Each week we will be running Q&As with Australian women doing vital humanitarian and aid work. Women you may not have heard of.
This week meet Kirsty Thompson, Inclusive Development Director at CBM Australia, an organisation that is devoted to improving the lives of people with disabilities living in the most impoverished places in the world.
1. What does your role entail on a day-to-day basis?
In essence, I’m a member of three key teams at CBM Australia (CBMA) and here, I’ve focused on explaining my role as a member of the senior management team. We are responsible for the implementation of CBMA’s Strategic Plan, Risk Management Framework and Budget as approved by the CBMA Board.
This also sees us being responsible for the day-to-day operations of CBMA. My role in this team is to be part of the decisions and daily operations of the organisation. I am most heavily involved in program-related decisions, especially those that relate to advocacy and policy work, supporting disability inclusion across the organisation, and how we integrate our program work.
2. How did you become involved in humanitarian/aid work?
I always had an interest in this type of work simply from things I had read and heard as a child. I also knew that I wanted to be involved in a career that involved supporting others and working with them to improve their lives and communities. I was given an opportunity in my last fieldwork placement at the University of Sydney to become involved for a number of months in Community Based Rehabilitation Programs in India. This was just the taste I needed to know this was something I wanted to do. I had other similar opportunities and short-term stints in this work that made it clear to me that this was something I wanted to do full-time as a career.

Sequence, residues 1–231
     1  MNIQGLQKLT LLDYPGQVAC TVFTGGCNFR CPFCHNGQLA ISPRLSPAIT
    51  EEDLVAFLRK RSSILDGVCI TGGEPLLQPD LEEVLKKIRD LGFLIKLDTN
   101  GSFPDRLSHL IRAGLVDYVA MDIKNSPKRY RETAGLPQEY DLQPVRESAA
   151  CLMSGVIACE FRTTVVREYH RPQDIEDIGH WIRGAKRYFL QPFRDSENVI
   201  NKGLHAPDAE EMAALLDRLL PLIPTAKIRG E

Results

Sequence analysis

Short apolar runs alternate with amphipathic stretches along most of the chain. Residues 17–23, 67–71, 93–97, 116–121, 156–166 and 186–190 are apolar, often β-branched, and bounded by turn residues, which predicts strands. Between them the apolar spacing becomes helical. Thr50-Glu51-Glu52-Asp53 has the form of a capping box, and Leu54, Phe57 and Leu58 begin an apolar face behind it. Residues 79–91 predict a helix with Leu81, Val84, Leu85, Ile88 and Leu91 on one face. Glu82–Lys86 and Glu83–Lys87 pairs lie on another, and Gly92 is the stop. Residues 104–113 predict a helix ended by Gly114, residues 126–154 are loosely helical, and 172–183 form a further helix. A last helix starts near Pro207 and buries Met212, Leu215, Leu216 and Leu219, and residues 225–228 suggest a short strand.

Let CBM show you the important work they do worldwide:
3. What are the most rewarding/challenging parts of your job?
It’s always a challenge for people that trained and are drawn to the direct support to continue finding the feedback and satisfaction as you get further removed from seeing the direct impact of your work on people with a disability in developing countries. There is always more need than there are resources in order to meet it. It can be really difficult to make the tough decisions sometimes about which programs to resource, which person to prioritise and where to spend your time to best impact.
While I now understand the need for it better, I always find it difficult when people who have so little (food, shelter, etc), are keen or even insistent on sharing what they have with you. I’ve been in places working with children with disabilities, where the family or village will insist on giving you a drink (like a coke) or a meal or something, where in many instances, you know it’s some luxury they would never afford themselves. But they need to say thank-you, to restore some sort of balance in the relationship.